Long standing member Barry Cleveland reminisced about his time as a member as Wynberg Rotary celebrated their 70th anniversary on 30 November 2019 at Palm House Wynberg.
Rotary Club officially chartered 12 December 1949 celebrated it’s 70th year in service with sparkling wine, jazz and lawns games. Palm House set the seen for a anyone who celebrates 70 years.
While we looked back through our history and recognize the amazing years the club has had, we are also looking forward to our future. Our club celebrates its youngest President this year with a younger board that is ready to take the club forward for the next 10 years. Below you can read Barry’s speech to the club.
WYNBERG ROTARY CLUB OVER THE YEARS
A PERSONAL PERSPECTIVE by Barry Cleveland)
I joined the club in 1989, with the incomparable John Vivian as President. The week before the formality I said to Val, “I am being induced next Thursday, and you’re invited to attend.” Val replied that nothing on earth would keep her away….
That same evening, John asked me which avenue of service would I like to join. Unhesitatingly I said “The Last Night of the Proms” …… which is where I have been enthusiastically involved these past 30 years. (I’ll come back to Proms.)
When Michael Johnson was DG, his slogan was ‘Unite Africa Through Rotary’. I was heading up International Service at the time and made contact with the Rotary Club of Kampala, with whom we then twinned. Shortly after, they were due to celebrate their 40th anniversary since charter and as my company had business dealings in Uganda at the time, I was nominated to represent their twin club, Wynberg at an elaborate function at the Nile Hotel. The twinning relationship blossomed and when Brian Dalton’s year of Presidency coincided with Wynberg’s 50th anniversary we invited delegates from Kampala club to join our celebratory function which was held at The Centre for the Book. They responded en masse! I don’t think their members and partners exceeded ours – but it was close! They stayed a few days more, and we showed them the usual sightseeing spots around Cape Town, impressing them (from a land-locked country) greatly.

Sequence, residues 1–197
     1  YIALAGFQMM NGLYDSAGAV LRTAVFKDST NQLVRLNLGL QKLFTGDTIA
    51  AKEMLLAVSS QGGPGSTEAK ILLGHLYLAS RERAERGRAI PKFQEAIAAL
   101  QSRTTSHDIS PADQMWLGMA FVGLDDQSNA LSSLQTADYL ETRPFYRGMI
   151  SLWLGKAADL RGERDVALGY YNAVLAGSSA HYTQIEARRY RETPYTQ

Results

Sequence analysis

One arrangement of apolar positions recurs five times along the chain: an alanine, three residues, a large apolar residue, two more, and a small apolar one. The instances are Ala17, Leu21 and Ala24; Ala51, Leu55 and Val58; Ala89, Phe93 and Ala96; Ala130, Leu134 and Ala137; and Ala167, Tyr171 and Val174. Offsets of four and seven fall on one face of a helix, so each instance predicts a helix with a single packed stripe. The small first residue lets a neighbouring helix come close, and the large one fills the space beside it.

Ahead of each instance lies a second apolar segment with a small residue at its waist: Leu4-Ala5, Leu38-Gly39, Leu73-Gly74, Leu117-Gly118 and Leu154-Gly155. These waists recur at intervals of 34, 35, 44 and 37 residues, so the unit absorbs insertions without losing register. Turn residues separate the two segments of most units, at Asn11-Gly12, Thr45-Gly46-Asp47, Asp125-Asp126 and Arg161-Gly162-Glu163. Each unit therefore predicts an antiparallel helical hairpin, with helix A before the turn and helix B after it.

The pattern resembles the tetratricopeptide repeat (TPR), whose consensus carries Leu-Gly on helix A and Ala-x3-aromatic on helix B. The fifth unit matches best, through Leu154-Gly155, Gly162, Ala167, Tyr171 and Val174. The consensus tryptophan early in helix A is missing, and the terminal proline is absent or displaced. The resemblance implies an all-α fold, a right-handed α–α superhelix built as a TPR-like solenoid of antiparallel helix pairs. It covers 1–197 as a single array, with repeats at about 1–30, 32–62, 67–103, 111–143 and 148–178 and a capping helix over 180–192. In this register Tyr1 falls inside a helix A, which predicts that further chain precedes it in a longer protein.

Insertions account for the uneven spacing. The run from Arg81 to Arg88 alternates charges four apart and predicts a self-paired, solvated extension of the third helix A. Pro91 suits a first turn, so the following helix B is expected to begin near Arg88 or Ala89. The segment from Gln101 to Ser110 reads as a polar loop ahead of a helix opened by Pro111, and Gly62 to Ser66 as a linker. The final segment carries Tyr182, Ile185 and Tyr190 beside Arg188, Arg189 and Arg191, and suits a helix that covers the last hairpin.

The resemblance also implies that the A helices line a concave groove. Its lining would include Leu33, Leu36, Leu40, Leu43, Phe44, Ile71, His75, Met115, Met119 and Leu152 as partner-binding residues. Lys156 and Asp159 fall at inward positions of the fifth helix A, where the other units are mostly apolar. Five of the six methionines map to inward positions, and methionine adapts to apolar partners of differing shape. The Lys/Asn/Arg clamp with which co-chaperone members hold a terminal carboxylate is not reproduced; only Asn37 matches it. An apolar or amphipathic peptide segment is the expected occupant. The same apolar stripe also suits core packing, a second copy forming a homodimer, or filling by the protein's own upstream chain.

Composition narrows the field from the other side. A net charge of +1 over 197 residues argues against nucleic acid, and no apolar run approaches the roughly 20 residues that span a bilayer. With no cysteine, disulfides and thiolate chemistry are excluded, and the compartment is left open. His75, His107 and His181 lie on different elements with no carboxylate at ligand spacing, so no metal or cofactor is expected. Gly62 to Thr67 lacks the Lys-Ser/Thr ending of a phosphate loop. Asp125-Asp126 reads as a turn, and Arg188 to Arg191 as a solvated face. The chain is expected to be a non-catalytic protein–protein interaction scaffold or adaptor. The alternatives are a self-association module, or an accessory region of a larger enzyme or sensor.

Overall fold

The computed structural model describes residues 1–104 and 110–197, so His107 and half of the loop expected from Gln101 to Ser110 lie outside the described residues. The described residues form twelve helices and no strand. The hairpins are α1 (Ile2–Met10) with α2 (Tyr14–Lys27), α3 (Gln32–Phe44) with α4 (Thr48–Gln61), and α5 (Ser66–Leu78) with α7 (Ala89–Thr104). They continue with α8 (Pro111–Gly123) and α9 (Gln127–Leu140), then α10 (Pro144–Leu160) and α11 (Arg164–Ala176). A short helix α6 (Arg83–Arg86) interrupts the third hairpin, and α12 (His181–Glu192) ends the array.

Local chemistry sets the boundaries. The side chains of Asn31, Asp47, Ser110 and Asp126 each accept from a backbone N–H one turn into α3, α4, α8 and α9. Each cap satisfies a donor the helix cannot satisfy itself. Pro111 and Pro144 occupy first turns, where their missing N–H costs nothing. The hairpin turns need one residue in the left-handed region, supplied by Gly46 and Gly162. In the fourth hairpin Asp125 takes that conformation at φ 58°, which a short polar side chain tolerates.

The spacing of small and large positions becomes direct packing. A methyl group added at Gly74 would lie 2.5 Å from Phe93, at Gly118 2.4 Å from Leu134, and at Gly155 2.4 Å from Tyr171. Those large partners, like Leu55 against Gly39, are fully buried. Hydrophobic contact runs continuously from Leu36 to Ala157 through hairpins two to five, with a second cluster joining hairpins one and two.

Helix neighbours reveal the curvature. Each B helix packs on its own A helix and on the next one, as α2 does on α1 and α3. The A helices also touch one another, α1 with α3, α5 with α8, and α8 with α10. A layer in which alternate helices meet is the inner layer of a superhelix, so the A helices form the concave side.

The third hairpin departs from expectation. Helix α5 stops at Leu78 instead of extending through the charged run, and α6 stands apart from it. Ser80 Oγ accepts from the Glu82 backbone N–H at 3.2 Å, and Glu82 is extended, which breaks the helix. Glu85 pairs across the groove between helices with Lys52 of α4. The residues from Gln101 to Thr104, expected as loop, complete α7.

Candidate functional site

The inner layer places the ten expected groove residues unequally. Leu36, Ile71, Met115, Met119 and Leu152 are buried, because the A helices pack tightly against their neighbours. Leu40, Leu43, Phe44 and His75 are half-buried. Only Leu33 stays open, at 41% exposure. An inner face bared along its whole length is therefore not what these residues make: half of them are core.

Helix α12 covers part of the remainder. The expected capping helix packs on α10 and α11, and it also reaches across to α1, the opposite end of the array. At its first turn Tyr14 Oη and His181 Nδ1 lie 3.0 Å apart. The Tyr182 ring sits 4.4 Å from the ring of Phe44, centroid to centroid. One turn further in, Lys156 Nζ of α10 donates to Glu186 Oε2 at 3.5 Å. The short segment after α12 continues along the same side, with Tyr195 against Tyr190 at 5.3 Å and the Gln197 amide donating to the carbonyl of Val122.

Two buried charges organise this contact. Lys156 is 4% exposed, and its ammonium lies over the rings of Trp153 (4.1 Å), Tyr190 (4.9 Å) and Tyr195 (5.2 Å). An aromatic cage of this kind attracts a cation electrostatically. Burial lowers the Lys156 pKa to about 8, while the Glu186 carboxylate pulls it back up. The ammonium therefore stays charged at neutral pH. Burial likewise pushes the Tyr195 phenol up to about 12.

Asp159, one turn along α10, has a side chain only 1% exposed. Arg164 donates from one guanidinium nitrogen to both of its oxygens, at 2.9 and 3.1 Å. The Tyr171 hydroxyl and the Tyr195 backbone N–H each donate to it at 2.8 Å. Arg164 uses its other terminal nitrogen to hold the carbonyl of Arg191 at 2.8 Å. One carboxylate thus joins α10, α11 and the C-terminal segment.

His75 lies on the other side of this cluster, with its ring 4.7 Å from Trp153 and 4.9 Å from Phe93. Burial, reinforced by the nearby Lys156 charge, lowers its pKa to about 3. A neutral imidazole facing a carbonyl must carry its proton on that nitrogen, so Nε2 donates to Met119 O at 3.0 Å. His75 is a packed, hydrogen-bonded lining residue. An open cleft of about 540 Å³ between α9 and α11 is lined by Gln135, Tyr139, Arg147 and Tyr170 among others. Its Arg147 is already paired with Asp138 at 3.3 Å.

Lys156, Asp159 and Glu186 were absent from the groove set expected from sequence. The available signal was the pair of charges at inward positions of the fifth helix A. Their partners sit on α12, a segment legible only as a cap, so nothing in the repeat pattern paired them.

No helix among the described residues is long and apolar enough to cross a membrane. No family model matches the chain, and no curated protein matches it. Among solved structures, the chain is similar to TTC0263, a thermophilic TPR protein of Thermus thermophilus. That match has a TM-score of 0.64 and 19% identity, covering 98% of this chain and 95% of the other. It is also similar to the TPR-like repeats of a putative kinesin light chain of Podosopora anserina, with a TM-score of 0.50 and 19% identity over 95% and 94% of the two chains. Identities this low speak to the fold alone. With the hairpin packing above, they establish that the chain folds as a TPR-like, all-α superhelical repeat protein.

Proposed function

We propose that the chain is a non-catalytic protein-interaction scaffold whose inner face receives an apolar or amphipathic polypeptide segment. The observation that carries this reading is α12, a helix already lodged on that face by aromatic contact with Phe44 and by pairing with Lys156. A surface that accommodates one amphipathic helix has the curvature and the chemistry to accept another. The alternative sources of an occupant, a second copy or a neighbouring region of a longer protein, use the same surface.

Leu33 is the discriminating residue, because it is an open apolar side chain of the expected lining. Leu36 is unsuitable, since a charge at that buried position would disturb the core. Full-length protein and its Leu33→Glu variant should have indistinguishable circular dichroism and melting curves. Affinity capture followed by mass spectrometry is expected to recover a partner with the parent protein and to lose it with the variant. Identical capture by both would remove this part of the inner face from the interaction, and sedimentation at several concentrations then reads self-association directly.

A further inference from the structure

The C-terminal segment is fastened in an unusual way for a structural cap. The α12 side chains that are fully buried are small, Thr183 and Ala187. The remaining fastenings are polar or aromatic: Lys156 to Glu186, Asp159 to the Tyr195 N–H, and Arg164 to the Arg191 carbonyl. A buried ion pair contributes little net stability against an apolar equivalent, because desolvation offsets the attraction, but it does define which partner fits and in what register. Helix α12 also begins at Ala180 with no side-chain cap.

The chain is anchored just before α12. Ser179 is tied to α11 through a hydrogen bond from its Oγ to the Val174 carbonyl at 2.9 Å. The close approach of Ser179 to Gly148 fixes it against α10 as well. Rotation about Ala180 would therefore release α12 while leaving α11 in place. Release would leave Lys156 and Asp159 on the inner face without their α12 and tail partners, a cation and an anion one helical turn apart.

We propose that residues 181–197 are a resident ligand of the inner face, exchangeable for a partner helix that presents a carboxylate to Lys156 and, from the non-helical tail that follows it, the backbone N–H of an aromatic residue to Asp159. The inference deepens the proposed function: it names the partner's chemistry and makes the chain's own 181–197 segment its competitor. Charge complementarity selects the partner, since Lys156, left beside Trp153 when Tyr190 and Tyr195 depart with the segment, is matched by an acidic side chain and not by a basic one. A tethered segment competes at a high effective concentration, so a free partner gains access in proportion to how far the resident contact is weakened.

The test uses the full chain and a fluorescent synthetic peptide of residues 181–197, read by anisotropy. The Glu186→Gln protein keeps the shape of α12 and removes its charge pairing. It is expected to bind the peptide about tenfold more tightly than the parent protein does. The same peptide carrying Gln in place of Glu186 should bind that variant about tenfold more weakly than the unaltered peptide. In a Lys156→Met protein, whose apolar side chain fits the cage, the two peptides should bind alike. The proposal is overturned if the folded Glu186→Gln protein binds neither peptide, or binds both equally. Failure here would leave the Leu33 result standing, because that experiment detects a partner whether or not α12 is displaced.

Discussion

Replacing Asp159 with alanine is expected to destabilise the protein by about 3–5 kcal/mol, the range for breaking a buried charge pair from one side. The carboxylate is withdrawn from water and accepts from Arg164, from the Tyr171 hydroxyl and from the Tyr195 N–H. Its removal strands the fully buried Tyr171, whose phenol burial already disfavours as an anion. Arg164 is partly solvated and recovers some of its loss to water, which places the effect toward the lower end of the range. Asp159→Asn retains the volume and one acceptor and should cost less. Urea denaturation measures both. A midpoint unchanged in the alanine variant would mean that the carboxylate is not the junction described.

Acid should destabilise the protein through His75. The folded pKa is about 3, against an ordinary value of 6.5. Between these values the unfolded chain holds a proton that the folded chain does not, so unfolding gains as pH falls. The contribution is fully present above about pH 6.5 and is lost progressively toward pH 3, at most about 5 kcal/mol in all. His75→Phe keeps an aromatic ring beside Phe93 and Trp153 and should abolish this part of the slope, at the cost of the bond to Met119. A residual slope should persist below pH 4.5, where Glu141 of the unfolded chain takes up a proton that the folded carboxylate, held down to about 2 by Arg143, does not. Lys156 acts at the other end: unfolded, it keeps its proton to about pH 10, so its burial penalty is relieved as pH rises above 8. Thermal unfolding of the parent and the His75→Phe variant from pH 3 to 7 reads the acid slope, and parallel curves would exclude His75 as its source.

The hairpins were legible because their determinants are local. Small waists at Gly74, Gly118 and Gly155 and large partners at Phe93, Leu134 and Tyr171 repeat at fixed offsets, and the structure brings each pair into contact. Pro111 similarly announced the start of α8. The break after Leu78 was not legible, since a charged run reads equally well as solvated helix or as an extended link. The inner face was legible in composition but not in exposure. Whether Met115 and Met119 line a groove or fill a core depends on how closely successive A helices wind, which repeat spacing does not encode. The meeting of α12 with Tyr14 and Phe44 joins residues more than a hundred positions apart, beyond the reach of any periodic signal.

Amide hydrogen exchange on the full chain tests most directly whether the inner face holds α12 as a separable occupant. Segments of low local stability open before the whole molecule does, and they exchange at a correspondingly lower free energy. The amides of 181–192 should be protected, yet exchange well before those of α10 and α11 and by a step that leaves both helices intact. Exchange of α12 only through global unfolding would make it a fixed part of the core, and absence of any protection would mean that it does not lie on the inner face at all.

In conversation it turned out that Kampala had sponsored a young teenage girl, suffering from a perforated bowel to travel to a paediatric hospital in England for corrective surgery. To everyone’s horror she returned carrying a catheter. It was all the English surgeons could do.
Now, returning to Proms: Around this time the main beneficiary for funding from the Last Night of the Proms was Red Cross Children’s Hospital, to the extent that we had developed a good relationship with them. At one of our meetings we mentioned the plight of the young girl from Kampala. Professor David Beatty immediately said, “Speak to Dr Sid Cywes. It’s a symptom, not uncommon in Africa, but unknown in Europe.” The upshot of this was having Kampala club send the girl to RXH, consultation with Dr Cywes and a corrective operation. At last count, she was leading a perfectly normal life – and without a catheter.
Our last venture with Kampala club was a Global Grant (Matching Grant at that time) to supply clean water via a borehole to a small village on the outskirts of the city. Disappointingly, contact with our twin club thereafter was lost through attrition.
Back to Proms again!
Wynberg’s first Last Night of the Proms predated my arrival by about three years; and the conductors I know of included Edgar Cree and Michael Hankinson. John Vivian may remember others. It was during Chris Niland’s year of Presidency that we learnt of a prospective hijacking of Proms. We had a PR agent called Jennifer Williams and her agenda became clear when she, Michael Hankinson and a group of Rotarians were conversing after a successful Proms concert. Jennifer cheerfully said, “Well, I think Michael and I will be able to run Proms ourselves next year.” Fortunately for us, Chris was a practicing lawyer. He leaned forward to Jennifer and quietly snarled, “I’ll see you in court.” Needless to say, there was no further contact with either of them again.